Peter Ranscombe dreams of Spain’s beaches, beers, and sunshine – yet is content to make do with its wines for the time being.
SCOTLAND’S clincial director, Professor Jason Leitch, might be advising civil servants not to book non-refundable summer holidays, but that hasn’t stopped me daydreaming about Spain.
The beaches, the beer, the sunshine – the food.
Seeing snow on the ground this morning as I gaze out my window – think Oscar Wilde, but with less wit and slightly less hair – has only added to my pining.
Looks like I’ll just have to take solace in Lidl’s latest “wine tour” promotion instead, which begins today.
Eight times a year, the German discount supermarket chain brings in a selection of bottles.
They’re the epitome of “when they’re gone, they’re gone”, in the same style as those other “middle of Lidl” limited offers… although, due to Scottish licensing law, they’re in a separate designated section of the store, obvs, rather than that mystical centre aisle.
So, maybe more “wall of wine” than “middle of Lidl”.
I struggled with some of Lidl’s Spanish choices during one of last year’s “wine tours”, but the bottles in the current promotion mark a clear return to Iberian form.
These five bottles represent great value and are an excellent introduction to the styles of regions outside Rioja if you’re beginning to explore Spanish wine…
Los Molinos Organic Wine Tempranillo 2019 (£6.49)
Made by Felix Solis, a big supplier of cheaper wines to UK supermarkets and convenience stores, it’s great to see another organic wine in Lidl’s “wine tour”. Sweeter blackcurrant jam and spun sugar notes on the nose and then fresh blackcurrant on the palate, with a touch of mint. It’s simple and straightforward, yet has that concentration of flavour I always see with organic wine. And worth the £2 upgrade from Lidl’s standard Libertario La Mancha Tempranillo (£4.69 in Scotland and Wales, £3.79 in Englandshire).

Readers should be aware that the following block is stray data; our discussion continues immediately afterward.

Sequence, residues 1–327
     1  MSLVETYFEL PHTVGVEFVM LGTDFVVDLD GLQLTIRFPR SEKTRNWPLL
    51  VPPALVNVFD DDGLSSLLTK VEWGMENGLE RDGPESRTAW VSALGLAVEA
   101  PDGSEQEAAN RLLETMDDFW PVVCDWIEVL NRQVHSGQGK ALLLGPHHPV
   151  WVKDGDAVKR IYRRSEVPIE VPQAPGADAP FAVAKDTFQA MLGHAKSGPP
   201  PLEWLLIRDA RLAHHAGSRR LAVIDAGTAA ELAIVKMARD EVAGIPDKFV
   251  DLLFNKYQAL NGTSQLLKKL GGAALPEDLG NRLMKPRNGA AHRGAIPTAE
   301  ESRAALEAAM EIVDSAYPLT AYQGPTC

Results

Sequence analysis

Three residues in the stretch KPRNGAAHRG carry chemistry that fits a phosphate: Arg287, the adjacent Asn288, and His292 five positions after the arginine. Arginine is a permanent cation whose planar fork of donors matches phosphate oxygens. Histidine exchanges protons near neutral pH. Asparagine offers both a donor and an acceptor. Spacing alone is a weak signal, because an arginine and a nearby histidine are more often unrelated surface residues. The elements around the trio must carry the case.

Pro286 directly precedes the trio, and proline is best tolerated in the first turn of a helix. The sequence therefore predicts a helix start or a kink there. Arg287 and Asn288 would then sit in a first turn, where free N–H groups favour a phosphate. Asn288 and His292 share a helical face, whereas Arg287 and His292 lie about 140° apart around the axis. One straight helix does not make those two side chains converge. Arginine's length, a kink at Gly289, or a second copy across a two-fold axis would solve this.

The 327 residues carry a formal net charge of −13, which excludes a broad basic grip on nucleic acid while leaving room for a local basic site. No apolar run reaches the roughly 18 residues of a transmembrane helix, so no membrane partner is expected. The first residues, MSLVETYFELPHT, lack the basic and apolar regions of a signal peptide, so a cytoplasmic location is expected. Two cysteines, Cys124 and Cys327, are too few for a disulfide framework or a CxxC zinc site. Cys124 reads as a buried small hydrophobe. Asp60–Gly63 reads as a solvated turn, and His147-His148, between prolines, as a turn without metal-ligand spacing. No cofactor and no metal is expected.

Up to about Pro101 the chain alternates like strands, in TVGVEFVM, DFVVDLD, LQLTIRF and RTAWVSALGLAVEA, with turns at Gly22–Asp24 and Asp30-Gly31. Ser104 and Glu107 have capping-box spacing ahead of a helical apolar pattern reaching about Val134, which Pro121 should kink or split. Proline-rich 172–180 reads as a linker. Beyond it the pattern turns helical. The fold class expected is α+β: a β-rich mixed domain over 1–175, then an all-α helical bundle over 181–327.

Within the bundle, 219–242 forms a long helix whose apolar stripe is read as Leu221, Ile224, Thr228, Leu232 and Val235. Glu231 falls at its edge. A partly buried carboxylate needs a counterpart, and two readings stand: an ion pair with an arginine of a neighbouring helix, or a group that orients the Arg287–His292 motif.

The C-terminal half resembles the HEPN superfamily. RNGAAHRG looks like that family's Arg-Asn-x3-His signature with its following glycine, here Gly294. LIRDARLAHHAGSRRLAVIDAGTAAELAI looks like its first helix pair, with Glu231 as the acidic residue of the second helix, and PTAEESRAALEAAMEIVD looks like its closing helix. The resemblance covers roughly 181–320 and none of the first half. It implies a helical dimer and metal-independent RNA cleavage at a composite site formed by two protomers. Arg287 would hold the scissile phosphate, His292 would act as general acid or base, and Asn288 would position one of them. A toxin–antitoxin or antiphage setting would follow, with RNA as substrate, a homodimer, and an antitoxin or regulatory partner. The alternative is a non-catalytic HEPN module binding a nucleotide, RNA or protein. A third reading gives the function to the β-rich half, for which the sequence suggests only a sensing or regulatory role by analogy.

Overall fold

Agramont Garnacha Old Vine 2019 (£7.99)
While the tempranillo hails from the central Valdepeñas region, this old vine garnacha comes from Navarra in the north, just over the border from Rioja. Together, tempranillo and garnacha form the backbone of the Rioja blend, and garnacha often takes the starring role in Navarra’s reds. Here, I was really impressed with the ripe raspberry and red plum flavours that balanced the grip from the tannins. Good intensity, especially for the price.
Fincas del Lebrel Graciano 2019 (£6.99)
Over the border to Rioja, and graciano, once a lowly blending component but now finding a wider audience as the star of the show, as we saw a couple of times last year. This bottle is a decent introduction to the grape, capturing some of its fresh violet aromas in amongst the blackcurrant and vanilla, with sweetness and freshness to balance its grippiness.
Heredad Mistral Priorat 2017 (£7.99)
Priorat, across near Barcelona, rivals Rioja in terms of the reputation and quality of its red wines – they’re the only two regions in Spain to reach the country’s highest “DOCa” or “DOQ” classification. Lidl’s entry-level example captures many of Priorat’s more exciting characteristics; the intensity of the raspberry flavour, the crunch of the red apple note, the freshness of the blackcurrant on the finish.
Hachón Ribera del Duero 2015 (£8.99)
Finally, back to the north of central Spain and the star of the show for me among the selection of wines from Lidl that I was able to try during lockdown. The Duero in Ribera del Duero is the river that becomes the Douro when it flows across the border into Portugal. As wine lovers begin exploring Spanish wine, Ribera del Duero is usually one of their first stops outside Rioja and this bottle captures many of the reasons why. It’s got complex cedar, dark chocolate, black fruit, and beefy roast meat aromas, plus well-integrated grainy tannins, and then sweet and ripe blackcurrant flavours mingling with the chocolate, mocha, and vanilla on the palate.
Read more of Peter’s wine, beer, and spirit reviews on his drinks blog, The Grape & The Grain.